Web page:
Tharangambadi and Chinnangudi tsunami rehabilitation project[edit]

Kuriakose went on to design more than 1,000 individualized homes for fisherfolk in Tharangambadi and Chinnangudi villages in Nagapattinam, under the Tsunami Rehabilitation Project. The basic ideology of the project was to provide houses for the victims of the 2004 tsunami, which hit the east coast of India. Generally, in public housing programs in India and elsewhere, a single type design is used for the construction of all of the houses.

In the case of the tsunami reconstruction project carried out by the NGO South Indian Federation of Fishermen Societies (SIFFS), a novel idea of involving the house owner in the design and construction of the house was tried out. Plots were allotted before the construction of the houses so that each house owner knew which house they would get.

In the design of the houses and the settlement of Tharangambadi and Chinnankudi affected by the tsunami, it was decided to make sure that the community and home owners participated in the rebuilding. Different models were offered and model homes were built so that people could understand what they were actually going to get. The sites were allocated to individuals before starting the construction itself. The houses were highly customized and the home owners had control over the construction process.[6]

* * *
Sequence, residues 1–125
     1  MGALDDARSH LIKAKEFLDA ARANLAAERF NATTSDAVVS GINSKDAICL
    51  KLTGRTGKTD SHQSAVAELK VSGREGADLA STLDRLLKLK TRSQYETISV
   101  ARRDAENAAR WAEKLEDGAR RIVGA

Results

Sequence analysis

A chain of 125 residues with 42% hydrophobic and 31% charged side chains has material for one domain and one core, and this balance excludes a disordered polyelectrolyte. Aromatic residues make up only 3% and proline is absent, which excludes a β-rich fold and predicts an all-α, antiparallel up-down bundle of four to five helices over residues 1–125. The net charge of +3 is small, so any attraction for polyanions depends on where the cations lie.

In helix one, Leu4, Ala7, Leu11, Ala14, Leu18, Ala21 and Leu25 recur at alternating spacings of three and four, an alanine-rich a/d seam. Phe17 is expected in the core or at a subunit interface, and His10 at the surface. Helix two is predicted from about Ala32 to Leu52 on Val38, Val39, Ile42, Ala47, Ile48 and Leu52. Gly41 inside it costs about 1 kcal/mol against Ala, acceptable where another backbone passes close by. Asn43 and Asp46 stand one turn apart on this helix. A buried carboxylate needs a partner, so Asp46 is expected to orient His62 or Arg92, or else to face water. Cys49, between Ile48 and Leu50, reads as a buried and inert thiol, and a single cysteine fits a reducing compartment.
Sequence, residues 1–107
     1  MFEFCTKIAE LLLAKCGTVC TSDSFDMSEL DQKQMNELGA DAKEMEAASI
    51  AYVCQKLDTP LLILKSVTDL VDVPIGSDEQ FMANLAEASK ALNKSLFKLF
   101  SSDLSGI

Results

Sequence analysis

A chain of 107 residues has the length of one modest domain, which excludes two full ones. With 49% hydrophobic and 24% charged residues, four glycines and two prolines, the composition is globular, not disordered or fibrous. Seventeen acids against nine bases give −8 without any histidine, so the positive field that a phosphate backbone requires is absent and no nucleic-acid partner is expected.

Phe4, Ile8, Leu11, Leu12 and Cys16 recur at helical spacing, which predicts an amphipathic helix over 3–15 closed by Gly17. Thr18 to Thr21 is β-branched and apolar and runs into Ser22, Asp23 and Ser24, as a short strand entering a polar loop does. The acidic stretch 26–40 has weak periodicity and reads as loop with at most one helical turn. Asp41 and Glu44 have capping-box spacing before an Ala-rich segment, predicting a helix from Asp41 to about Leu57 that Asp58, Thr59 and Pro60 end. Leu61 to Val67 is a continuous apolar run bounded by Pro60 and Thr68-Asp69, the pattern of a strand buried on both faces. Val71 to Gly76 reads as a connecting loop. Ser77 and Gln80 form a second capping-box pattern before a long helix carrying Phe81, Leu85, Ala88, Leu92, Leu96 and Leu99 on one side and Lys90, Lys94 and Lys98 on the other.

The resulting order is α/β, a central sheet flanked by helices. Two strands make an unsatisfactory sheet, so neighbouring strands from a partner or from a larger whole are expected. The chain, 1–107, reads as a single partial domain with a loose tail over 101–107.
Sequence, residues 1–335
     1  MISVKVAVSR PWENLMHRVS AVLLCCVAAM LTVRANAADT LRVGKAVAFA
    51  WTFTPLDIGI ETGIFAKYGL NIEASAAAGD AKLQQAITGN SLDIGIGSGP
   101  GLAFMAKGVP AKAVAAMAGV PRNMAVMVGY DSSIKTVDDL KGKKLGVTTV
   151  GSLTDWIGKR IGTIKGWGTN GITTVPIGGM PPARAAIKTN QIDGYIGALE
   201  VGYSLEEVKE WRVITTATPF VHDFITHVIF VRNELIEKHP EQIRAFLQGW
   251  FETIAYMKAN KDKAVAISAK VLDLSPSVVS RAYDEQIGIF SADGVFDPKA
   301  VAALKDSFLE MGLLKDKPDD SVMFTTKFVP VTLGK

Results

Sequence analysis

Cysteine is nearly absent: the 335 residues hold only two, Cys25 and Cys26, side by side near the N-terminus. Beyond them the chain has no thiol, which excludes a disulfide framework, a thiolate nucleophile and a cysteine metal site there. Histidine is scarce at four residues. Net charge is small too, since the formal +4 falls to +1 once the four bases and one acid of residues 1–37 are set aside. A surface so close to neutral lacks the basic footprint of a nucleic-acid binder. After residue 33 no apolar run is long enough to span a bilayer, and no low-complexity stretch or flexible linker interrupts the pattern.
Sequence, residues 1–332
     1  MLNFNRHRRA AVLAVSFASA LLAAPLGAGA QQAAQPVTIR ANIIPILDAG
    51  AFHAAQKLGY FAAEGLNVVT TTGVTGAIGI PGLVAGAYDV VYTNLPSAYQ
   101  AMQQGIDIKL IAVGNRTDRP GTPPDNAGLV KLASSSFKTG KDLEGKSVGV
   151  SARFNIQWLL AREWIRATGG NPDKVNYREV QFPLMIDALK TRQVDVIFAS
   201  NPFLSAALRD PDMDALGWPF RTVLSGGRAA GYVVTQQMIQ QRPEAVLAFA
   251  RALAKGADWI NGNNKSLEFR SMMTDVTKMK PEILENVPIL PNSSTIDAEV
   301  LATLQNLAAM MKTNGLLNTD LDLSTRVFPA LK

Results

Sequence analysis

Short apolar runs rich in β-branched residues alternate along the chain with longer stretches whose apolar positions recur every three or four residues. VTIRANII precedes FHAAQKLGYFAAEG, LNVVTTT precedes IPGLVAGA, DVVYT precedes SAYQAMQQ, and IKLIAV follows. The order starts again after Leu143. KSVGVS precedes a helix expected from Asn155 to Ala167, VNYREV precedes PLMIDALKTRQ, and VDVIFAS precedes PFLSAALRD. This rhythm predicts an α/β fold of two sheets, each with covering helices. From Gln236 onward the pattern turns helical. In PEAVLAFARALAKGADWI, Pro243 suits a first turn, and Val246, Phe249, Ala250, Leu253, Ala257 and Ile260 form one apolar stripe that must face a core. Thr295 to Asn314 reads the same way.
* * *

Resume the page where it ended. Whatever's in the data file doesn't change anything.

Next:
Muziris heritage project[edit]

Paliam Palace Museum

Kuriakose was selected as conservation consultant for the Muziris Heritage Project in 2007. Muziris is not just a place. It is a concept and the project was an attempt to educate future generations about heritage, and to throw light on Kerala’s pan-Indian and international trade links.[11] The project's artifacts and monuments are spread out over an area of 150 km2, and Kuriakose's team has located clusters, including 400 buildings of historic importance and architectural interest.[12]